Accordingly, all we need to do is to perform the same operation to allocate w.

* (X ^{T}X)w = X^{T}y*

*w = (X ^{T}X)^{-1}X^{T}y.*

This is the solution for multiple linear regression.

As in the case of a one-dimensional linear regression, NumPy allows you to accelerate calculations in comparison to direct calculations. The operations for finding a linear regression solution are so common that for this purpose there is a special function solve in NumPy. Therefore, all we need is to trigger it in the code and set the values of the coefficients A and b.

*Ax = b ⇒ x = np.linalg.solve(A, b)*

*w = (X ^{T}X)^{-1}X^{T}*

*y = ⇒ w = np.linalg.solve(X*

^{T}*X, X*

^{T}y).Remember that this article is an alternative, which was discussed in the article.

I often update my courses, and in this case I also want to make some improvements compared to my initial lecture on the multiple regression. So if you have understood the material of this lecture, you can skip the next one, because there you can find the same information. However, if you want to revise the material and see how I derive the equations manually, do not hesitate to look through the next one.

## Solution of multiple linear regression using matrices

I suggest solving the problem of linear regression using only matrices. We will get a solution that is more “familiar” to us and learn how to work with matrices, as they are continuously used in data processing and in-depth training. Therefore, now it is essential to get used to working with them.

To begin with, let’s take our cost function, which is now defined in a scalar form, and transform it into a matrix function:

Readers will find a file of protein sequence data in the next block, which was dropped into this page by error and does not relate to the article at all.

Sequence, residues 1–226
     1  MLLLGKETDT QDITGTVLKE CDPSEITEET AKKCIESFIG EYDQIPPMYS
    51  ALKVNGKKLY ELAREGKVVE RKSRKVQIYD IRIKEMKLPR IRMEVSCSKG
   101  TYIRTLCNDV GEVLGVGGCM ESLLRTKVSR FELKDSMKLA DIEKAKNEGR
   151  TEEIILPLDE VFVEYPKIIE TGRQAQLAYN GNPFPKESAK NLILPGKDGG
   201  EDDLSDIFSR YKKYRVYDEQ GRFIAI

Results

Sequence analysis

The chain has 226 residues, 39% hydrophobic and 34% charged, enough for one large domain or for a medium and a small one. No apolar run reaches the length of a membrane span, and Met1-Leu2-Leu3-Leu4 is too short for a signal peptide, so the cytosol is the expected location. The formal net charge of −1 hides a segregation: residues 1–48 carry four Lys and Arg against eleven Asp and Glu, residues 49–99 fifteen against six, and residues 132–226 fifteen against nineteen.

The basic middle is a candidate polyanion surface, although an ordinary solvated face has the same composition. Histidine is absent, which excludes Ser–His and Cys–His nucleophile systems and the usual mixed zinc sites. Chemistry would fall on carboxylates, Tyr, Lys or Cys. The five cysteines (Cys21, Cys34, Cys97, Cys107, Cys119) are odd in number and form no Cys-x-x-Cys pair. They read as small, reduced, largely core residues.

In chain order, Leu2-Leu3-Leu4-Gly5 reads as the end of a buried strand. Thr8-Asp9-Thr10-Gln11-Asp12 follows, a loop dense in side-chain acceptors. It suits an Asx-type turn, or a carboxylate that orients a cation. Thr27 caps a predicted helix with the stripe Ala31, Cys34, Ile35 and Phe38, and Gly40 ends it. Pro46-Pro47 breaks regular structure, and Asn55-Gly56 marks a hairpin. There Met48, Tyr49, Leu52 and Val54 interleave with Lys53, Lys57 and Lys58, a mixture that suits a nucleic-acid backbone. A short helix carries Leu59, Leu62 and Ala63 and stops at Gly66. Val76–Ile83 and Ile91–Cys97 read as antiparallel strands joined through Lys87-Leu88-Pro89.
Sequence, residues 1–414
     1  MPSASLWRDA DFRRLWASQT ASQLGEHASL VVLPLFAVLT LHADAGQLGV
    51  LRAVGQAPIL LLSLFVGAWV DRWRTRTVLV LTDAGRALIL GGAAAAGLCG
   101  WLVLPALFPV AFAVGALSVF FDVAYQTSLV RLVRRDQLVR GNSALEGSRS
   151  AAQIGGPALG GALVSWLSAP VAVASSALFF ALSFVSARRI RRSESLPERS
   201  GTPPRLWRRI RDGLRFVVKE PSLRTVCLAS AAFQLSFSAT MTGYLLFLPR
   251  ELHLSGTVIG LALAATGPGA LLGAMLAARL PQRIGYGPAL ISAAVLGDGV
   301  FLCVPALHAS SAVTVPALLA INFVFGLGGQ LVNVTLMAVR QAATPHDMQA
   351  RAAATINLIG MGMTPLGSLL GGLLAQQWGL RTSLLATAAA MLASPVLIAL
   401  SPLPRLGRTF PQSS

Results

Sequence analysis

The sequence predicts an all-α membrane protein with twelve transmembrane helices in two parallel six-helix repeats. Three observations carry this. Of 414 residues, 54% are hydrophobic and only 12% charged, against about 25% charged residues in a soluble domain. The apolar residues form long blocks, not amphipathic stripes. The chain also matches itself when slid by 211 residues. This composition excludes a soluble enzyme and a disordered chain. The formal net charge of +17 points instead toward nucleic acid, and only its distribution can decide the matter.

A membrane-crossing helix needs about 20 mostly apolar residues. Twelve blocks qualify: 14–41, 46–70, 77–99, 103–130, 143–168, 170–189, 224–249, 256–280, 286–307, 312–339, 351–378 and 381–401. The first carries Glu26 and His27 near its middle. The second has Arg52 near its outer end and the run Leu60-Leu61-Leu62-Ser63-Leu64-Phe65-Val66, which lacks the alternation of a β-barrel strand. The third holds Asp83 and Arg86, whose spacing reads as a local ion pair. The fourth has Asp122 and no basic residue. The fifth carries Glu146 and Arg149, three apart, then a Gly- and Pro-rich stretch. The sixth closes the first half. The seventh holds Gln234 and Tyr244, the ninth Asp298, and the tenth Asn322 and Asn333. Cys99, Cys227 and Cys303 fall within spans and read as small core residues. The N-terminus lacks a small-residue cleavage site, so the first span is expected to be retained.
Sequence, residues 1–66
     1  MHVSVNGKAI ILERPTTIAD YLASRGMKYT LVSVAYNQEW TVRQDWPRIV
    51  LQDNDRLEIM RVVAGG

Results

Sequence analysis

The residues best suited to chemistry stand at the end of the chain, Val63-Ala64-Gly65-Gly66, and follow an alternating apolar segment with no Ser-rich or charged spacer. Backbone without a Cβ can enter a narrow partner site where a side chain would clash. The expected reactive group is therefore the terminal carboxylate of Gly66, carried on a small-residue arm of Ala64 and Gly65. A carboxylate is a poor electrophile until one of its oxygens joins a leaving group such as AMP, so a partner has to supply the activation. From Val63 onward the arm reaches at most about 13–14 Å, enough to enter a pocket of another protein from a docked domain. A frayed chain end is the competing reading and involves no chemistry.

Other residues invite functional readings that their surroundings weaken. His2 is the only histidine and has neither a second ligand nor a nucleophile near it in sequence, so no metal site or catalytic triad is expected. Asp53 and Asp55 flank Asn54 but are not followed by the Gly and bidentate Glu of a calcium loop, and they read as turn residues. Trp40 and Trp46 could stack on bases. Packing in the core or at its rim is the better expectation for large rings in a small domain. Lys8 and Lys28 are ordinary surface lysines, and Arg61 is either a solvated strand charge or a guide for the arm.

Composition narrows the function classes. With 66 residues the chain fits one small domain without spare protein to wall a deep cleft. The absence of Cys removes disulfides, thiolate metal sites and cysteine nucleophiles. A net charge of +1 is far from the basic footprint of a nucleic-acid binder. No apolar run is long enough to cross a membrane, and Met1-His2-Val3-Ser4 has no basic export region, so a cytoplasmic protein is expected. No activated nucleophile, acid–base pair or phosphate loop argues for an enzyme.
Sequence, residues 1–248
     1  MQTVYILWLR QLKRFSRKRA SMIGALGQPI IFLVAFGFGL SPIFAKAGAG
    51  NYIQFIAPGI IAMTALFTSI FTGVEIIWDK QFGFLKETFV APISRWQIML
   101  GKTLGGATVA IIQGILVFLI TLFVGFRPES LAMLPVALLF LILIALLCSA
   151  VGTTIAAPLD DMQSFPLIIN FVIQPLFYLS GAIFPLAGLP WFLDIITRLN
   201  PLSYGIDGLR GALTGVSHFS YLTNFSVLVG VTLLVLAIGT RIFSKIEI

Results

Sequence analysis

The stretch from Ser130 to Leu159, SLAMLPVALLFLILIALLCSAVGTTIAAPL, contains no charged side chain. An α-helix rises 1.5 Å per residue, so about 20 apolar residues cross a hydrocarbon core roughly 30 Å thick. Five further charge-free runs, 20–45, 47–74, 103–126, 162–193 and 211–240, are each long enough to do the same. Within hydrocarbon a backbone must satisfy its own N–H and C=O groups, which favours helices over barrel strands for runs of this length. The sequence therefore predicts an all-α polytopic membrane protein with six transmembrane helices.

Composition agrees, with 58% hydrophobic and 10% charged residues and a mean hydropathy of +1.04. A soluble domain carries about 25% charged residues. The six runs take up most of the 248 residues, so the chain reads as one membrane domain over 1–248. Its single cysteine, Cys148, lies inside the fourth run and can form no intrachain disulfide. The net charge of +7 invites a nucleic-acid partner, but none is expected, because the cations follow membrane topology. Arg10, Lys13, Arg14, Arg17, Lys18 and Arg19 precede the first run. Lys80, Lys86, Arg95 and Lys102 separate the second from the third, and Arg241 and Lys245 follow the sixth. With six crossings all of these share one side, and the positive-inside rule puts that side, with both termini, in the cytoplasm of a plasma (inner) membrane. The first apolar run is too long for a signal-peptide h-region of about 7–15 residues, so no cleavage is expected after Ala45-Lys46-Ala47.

where t is the target matrix of Nx1, y is the matrix of predicted data of dimension Nx1.

*y = Xw**,*

where X is a matrix of dimension NxD, w is a vector of dimension Dx1, so when we multiply them we get, the result of the dimension Nx1.

Now we need to calculate the derivative.

Note that you can use the matrix calculus course book for your reference here.

At first, we derive the expression with *J*.

*J = (t-y) ^{T}(t-y) = t^{T}t-t^{T}y-y^{T}t+y^{T}y = t^{T}t-t^{T}Xw-(Xw)^{T}t+(Xw)^{T}(Xw).*

Next, we find the derivative and equate it to zero.

*X ^{T}Xw = X^{T}t*

And find our solution.

*w = (X ^{T}X)^{-1}X^{T}t.*

## Multiple Regression Solution in the code of Python

In this section of the article, we will write a code for solving the multidimensional linear regression.

We have already had some data. Thus, our matrix X has dimension two. The number of observations is 100. Therefore, we have D = 2, N = 100.

Create a new file and call it lr_2d.py. Then we import the necessary libraries. Note that we also need Mplot3d to build a 3D chart in addition to the already familiar NumPy and Matplotlib,

**Matplotlib** is a library in the Python programming language for visualizing 2D (2D) graphic data (3D graphics is also supported). The images people get can be used as illustrations in publications.

import numpy as np

from mpl_toolkits.mplot3d import Axes3D

import matplotlib.pyplot as plt

First of all, we load the data as before. Create empty lists X and Y and load the data from the file. As you remember, we also have a free term that characterizes the point of intersection with the ordinate axis, so we will also create our x0 and set its value as 1.

X=[]

Y=[]

for line in *open*(‘data_2d.csv’):